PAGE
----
The power supply can be given to the conductor associated with each coating in a number of different ways. In one embodiment, the conductors have separate power lines, but share a common ground. In another embodiment, the conductors have separate power and ground lines. In another embodiment, frequency modulation is used to specify an individual coating. One digital embodiment uses three conductors. One conductor is used to connect the coating to the power receptacle, and the other two are power and ground signals. An optional digital circuit removes the communication circuitry and instead sends a precursor identification signal to the power line to recognize that the circuit is powered by the appropriate circuitry. Indeed, the techniques are not mutually exclusive and can be used in combination with each other. For example, a combination of circuits is desirable because some circuits require less power than other circuits.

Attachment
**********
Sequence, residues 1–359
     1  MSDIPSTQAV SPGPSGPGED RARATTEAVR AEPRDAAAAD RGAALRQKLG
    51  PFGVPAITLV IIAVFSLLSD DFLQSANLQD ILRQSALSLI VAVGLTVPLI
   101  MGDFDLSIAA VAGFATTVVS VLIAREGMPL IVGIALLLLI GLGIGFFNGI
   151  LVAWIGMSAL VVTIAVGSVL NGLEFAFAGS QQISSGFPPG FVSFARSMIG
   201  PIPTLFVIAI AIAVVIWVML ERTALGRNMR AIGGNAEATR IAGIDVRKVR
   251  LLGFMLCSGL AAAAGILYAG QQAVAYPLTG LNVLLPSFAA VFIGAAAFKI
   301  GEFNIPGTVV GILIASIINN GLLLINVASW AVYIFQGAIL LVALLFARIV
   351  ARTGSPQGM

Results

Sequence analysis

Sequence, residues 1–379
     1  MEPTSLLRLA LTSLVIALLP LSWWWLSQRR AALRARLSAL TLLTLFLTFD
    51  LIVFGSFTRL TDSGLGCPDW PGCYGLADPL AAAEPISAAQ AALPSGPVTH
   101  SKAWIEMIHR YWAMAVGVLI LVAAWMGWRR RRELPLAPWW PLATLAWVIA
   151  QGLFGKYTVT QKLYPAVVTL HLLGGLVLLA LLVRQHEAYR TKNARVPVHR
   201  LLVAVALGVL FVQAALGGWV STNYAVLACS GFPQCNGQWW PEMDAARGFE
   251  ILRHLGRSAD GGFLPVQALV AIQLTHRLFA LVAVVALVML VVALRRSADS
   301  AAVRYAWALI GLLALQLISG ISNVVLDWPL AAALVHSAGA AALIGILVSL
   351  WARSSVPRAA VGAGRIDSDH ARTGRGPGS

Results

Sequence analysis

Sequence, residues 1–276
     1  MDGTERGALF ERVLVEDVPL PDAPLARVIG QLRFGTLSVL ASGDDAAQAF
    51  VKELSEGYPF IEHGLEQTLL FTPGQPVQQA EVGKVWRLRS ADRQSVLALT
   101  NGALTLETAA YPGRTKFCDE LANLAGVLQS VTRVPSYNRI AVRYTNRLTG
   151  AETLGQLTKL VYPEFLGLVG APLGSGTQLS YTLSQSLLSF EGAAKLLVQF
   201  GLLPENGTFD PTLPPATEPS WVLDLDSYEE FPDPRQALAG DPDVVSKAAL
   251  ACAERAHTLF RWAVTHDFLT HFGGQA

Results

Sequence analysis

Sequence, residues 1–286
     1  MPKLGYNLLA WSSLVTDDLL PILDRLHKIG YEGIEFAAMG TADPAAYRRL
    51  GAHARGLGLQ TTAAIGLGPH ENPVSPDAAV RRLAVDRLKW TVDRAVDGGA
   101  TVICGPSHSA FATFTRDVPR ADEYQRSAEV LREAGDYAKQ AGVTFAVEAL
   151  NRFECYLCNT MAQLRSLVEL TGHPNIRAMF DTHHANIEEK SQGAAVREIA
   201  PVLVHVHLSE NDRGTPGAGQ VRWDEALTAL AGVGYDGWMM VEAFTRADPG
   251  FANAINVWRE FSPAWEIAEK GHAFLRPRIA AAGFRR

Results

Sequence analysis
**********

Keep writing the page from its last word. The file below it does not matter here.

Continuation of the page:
Referring to FIG. 20A, a thermosurgical tool having a spout-shaped main feature is displayed. The spatula-shaped main features 224 may have ferromagnetic coatings 65 arranged along the wire conductors 220 along the border of the spatula-shaped main features as shown. In another embodiment, the ferromagnetic coated portion of the wire conductor 220 can form a pattern over the surface of the major feature, so that the ferromagnetic coated portion of the wire conductor 220 more evenly covers the major feature.

Spatula-shaped main features may be useful for various tissue effect procedures. In one embodiment, the spatulate shaped feature is used for congestion or tissue welding during surgery.

If necessary after the incision is made, the spatula-shaped main feature may be applied to the incised tissue to achieve congestion or tissue welding. In yet another embodiment, a spatulate shaped feature pressed by tissue and thermal energy is used for tissue removal.